Uyanga identified what she thought of as the main problem: lack of money, both from patrons and from sales. “We get no support from the government. There’s no money to develop our art at the international level.” Despite this limitation, Mongolian artists, even the young ones, often choose to live off their art, and Uyanga believes it helps make Mongolian art aesthetically superior: “Mongolian artists are really exceptional. In the West, many paint part time while working another job, while in Mongolia, the majority only paint to support themselves.”
But some people think that this paint-to-live mentality comes at a serious cost. One foreign-born gallery owner explained how artists she sponsored often make copies of their work for commercial use even if it destroys the value of the original at auction. They manage to pay their bills, but it stunts their artistic career. Like Uyanga, she believed promotion was essential for international recognition, but her experiences with artists have left her disillusioned. She blames the culture: “No one honors contracts. If they make a work for exhibition, they don’t care about the value of it being unique or the costs I bear to make sure their art gets out there.” She told stories of artists copying some of their best work to sell on the cheap, just for alcohol or basic living expenses. The artists that succeed, she said, rely on contacts in the government. When working with her, however, they often break agreements, taking her sponsorship money but then choosing to go freelance.
Sales practices in most galleries I went to, however, struck me as more organized and conventional than her stories suggested. In most cases, the galleries take a 20 to 30 percent commission for each work. For new artists, works can sell for as little as 200,000 to 300,000 togrogs ($180 to $280), while the more experienced and famous sell pieces for 10 to 30 million ($9,000 to $28,000). One work, a painting by an established artist, reportedly fetched $1 million at auction. That’s chump change in the art world, but in a country with an average monthly wage of around $200, only wealthy businessmen and foreign investors can collect art in earnest. “They often buy it to decorate their new offices, and some just use it as an investment,” Batral said.
A National Aesthetic
Most of the people I spoke to believe that Mongolian art will gain popularity at home and abroad, for a variety of reasons. As a staff member at the Modern Art Gallery of Mongolia put it: “Mongolian art is unique – it’s a mix of European and Asian style unseen in the rest of the world.”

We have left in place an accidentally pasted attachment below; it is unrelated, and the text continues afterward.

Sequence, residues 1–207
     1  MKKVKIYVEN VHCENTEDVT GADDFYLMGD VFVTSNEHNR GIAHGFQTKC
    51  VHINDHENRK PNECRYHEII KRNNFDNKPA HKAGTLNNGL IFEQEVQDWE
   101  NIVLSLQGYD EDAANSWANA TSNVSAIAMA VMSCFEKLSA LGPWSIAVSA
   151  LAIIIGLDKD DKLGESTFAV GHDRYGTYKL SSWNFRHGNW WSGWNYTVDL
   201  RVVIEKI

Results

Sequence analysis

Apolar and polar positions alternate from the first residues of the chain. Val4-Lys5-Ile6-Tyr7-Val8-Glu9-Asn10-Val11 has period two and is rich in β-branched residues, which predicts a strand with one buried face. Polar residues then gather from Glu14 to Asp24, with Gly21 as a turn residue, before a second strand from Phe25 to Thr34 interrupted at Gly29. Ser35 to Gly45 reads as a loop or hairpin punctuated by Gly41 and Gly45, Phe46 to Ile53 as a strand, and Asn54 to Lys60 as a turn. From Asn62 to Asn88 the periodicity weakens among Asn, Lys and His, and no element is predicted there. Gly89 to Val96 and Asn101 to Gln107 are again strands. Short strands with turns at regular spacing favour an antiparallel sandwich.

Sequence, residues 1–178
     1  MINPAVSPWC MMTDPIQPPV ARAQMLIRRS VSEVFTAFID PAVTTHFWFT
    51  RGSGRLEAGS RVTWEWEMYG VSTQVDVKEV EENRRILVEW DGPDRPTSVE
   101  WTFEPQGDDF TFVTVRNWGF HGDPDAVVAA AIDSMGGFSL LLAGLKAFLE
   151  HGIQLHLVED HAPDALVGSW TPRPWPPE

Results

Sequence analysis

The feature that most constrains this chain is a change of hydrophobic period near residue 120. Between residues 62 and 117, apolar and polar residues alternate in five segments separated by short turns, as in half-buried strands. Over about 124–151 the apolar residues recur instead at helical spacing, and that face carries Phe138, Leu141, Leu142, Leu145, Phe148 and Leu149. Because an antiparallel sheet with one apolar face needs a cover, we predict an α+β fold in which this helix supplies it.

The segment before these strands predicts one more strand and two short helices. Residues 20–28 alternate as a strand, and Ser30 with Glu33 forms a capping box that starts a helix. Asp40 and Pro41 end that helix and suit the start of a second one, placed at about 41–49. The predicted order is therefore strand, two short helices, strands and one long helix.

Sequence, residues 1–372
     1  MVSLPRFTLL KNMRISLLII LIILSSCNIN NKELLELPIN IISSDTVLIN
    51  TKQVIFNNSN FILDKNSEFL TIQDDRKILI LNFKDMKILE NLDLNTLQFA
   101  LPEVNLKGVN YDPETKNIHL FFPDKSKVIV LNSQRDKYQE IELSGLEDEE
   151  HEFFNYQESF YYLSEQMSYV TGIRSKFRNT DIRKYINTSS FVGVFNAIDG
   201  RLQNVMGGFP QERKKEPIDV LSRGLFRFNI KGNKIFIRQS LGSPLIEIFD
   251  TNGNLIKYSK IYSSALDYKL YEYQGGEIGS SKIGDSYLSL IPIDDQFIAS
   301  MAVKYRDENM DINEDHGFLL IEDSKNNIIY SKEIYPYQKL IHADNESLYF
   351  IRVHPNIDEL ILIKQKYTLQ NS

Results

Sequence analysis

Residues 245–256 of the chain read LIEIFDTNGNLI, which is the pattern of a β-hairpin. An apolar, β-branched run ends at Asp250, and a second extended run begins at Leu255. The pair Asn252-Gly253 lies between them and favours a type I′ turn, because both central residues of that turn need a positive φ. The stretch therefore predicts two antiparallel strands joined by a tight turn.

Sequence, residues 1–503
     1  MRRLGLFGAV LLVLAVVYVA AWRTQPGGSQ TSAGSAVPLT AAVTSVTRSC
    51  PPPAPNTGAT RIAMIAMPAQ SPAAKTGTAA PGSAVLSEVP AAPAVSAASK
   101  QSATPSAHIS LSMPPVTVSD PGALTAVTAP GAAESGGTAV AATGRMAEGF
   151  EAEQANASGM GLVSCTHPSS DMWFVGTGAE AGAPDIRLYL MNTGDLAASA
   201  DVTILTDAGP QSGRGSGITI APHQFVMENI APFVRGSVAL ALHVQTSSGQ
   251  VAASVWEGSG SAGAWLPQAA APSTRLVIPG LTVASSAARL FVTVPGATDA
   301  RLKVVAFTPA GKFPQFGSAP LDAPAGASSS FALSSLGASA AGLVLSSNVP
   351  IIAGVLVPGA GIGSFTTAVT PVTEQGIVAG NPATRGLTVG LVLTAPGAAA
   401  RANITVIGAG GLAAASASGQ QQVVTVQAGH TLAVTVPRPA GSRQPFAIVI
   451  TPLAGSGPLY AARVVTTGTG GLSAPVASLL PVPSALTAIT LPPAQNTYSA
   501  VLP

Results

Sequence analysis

National pride underpins much of the prevailing confidence. Many of the Mongolian gallerists and artists I spoke to see Mongolia’s traditions – the tough nomadic lifestyle and proud military history – and beautiful landscapes as natural inspiration. Another employee at the Arts Council, Batgerel, stated with confidence, “The mixing of Mongolian traditional styles with modern art will be really popular in five years, for sure.” The “traditional” in Mongolian art makes it an object for patriotism and national identity. “People tend to buy more modern art, but the classical art is thought to be the ‘real Mongolian art'” said the manager at Zanabazar.
With a resource-hungry China to their south and international investment powering much of their economy, some Mongolians feel the need to claim control over their cultural heritage. “In the last few years, many Mongolians are buying more paintings just to keep art in Mongolia and out of foreign hands” said Erdambataar, the owner of Blue Moon.
Globalization, nationalism, and new cash now look to push Mongolian art into the limelight. Artists and collectors feel the need to shape Mongolia’s identity in the face of foreign influence. Indeed, nationalism and xenophobia gave many of my conversations about the future of art an existential edge. Explaining new developments in art inevitably drew comparisons to the current political situation. In the words of one gallerist, “Mongolians are becoming more original because they want to save our culture.”
John D’Amico ’15 is an East Asian Studies major in Pierson College. He can be reached at firstname.lastname@example.org.